When in doubt I listen to my gut.

Even though my head and heart make much better arguments, I have learned from experience that that wordless wrenching feeling in the pit of my stomach is the one to go with.

I cried and cried and cried last night, totally despairing that I had to make this decision. I wanted to stick my head in the sand AND soldier on pretending everything would be fine. But there was no way around it. While I was dissolving in tears I had moments of hoping that the crying would sort things out for me. Or that I would have some amzing insight into a way forward. But the crying didn’t change anything. I still had my crappy decision to make.

My back injury has flared up and it means that I am in pain from the chest down. Doesn’t matter if I stand, sit, lie or walk – it hurts all the time, just in different ways. Pain killers don’t make a difference and the pain affects my cognitive functioning leaving me in a bit of a haze. It also hurts emotionally because I’ve been doing well for more than a year now and been getting back into ballet, so it feels like a massive set back. And the uncertainty is painful as well; whether this will last for months or if it will get better within weeks. Once it took over a year and the fear is always that it won’t get better this time…

Thursday and Friday this week my partner and I have put on a two-day course in London on Compassionate Communication Skills in Mental Health Settings. We’ve been wanting to do this for a long time and was excited when a friend, who is a certified NVC trainer, was up for doing this with us.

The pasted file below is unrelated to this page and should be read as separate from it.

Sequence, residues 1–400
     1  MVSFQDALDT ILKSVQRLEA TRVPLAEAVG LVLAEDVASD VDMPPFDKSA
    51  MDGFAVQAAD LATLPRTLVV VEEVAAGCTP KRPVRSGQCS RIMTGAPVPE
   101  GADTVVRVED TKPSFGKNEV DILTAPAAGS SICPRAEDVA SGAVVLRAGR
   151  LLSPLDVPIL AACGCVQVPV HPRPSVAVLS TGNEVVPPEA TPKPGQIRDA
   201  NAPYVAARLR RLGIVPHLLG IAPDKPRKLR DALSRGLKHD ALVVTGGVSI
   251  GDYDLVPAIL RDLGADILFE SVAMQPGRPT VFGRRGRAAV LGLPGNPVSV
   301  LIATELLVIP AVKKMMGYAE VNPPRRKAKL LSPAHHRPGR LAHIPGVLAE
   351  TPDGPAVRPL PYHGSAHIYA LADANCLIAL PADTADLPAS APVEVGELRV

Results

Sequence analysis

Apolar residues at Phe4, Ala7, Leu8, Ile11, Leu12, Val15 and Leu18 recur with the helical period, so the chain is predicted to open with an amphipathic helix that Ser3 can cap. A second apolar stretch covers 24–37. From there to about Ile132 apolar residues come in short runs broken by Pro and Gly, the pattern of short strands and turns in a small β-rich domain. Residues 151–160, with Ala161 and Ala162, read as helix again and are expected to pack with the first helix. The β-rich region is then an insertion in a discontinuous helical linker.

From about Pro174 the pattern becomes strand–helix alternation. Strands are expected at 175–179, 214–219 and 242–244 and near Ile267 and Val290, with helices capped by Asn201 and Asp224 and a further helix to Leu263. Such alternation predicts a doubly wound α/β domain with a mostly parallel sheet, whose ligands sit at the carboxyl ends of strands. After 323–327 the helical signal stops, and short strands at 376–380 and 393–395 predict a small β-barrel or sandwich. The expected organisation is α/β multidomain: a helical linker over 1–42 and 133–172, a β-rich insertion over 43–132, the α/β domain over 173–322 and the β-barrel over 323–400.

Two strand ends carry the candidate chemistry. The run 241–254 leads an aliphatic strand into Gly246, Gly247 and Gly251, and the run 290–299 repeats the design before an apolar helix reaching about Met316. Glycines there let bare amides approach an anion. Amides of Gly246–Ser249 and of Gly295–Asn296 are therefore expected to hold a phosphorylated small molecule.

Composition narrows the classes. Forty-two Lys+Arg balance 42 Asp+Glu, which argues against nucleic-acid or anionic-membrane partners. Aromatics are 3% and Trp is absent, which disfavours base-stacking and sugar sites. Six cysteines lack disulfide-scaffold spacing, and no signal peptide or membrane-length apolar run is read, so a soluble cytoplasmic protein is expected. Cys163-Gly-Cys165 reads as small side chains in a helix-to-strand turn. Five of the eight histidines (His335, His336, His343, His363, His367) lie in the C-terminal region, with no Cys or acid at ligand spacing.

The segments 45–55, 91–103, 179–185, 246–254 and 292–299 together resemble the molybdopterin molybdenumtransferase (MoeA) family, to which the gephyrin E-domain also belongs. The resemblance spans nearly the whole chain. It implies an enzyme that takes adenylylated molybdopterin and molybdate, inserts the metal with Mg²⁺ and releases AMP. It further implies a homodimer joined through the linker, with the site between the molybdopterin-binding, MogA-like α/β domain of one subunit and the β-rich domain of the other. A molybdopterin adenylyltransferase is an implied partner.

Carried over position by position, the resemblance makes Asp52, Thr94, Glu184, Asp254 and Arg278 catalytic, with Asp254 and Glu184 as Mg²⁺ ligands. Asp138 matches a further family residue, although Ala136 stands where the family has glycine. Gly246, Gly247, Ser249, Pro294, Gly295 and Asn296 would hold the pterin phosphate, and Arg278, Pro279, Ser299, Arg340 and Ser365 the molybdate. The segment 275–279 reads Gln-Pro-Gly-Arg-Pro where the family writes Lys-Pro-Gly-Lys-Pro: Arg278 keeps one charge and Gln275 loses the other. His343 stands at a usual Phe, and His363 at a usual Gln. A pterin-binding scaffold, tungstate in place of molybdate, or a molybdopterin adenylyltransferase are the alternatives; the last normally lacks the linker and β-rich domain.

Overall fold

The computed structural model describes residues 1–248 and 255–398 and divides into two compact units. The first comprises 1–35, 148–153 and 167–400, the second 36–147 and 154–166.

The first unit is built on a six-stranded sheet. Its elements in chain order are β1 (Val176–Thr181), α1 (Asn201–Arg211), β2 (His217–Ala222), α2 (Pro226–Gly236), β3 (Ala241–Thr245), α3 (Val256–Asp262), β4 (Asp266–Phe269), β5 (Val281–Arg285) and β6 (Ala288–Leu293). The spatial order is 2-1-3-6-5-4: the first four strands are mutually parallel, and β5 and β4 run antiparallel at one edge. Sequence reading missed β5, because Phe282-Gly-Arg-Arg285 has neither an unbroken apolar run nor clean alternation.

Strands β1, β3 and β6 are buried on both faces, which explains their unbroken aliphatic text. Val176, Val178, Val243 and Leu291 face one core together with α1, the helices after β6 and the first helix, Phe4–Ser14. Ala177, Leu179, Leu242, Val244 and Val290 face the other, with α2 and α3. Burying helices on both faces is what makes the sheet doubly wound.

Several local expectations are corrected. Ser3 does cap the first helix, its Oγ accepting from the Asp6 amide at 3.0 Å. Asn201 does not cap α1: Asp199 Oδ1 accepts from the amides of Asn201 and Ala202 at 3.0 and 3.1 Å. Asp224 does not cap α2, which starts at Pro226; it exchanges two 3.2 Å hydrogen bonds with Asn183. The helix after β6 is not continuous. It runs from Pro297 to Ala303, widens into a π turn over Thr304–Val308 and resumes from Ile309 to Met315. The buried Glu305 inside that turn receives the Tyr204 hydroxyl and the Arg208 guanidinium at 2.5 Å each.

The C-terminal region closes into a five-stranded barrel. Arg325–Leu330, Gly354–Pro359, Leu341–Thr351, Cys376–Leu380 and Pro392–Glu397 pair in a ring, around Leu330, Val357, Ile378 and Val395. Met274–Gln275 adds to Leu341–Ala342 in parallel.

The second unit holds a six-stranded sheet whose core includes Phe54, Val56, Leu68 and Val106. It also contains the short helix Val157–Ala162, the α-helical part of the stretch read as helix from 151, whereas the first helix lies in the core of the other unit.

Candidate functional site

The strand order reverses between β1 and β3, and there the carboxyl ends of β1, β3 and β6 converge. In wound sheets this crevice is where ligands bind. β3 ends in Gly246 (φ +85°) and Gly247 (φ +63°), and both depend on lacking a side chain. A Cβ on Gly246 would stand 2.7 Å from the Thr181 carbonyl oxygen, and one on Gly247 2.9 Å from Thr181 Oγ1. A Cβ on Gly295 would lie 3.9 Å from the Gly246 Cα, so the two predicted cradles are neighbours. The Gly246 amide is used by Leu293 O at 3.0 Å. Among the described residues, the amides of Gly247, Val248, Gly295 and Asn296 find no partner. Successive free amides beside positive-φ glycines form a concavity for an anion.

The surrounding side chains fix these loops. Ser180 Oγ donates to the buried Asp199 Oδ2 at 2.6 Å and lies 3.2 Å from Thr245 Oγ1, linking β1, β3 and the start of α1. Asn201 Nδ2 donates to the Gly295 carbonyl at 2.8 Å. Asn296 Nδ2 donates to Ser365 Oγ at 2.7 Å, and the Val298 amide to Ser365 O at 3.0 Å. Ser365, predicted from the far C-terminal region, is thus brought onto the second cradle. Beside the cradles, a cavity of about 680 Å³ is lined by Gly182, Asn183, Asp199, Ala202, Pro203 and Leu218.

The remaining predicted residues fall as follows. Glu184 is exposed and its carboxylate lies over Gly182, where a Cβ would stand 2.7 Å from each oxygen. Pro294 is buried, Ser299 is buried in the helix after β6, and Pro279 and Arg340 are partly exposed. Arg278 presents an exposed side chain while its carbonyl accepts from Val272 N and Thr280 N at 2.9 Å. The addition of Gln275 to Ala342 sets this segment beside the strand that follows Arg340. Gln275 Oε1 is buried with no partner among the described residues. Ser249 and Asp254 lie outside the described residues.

I woke yesterday hoping my back might get better during the day but as the evening came nothing had changed. I was feeling sad and moody, annoyed with myself for not having done enough to prevent this flare up…  I’d sat down with my partner to find something to watch together when I suddenly found myself saying “I wish we weren’t going to London tomorrow.” Until that moment I had been in denial about the effect the pain had on me. And it wasn’t till the words came out of my mouth that I realised I had to decide whether to go to London or not.

My three choices were: 1) to go and do everything as planned 2)to go but be less involved in the training 3)stay at home.

My heart wanted to go. “Go!Go! Go!” It said. “Everything will be fine. You can’t miss out on this, there is so much to learn.”

My head wanted to go but take it easy. “You need to learn to be more resilient and this is a chance to thicken your skin a bit. You can’t keep bailing out when things get tough. You might always be in pain so you have to learn to deal with it”

And my gut… My gut was just full of this sinking, wrenching feeling at the thought of the long drive, sleeping in a different bed, being nice and sociable, facilitating training, negotiating space and roles with my co-facilitators and keeping my head focused while managing my pain.

I knew my heart and head were right. I could do it. But it would undoubtedly be at a cost. All three choices would have difficult consequences.

At the moment I feel like I am in shock from being in pain again and I know that I would have to dissociate in order to go and do the training. I dont mind dissociating – it is very useful at times like this – but then there is always an aftermath that I will have to take care of. Maybe if I had had a week to gather myself it would have been more manageable.

So for now I have chosen to go with my gut, stay at home and get reacquainted with my pain-managing skills…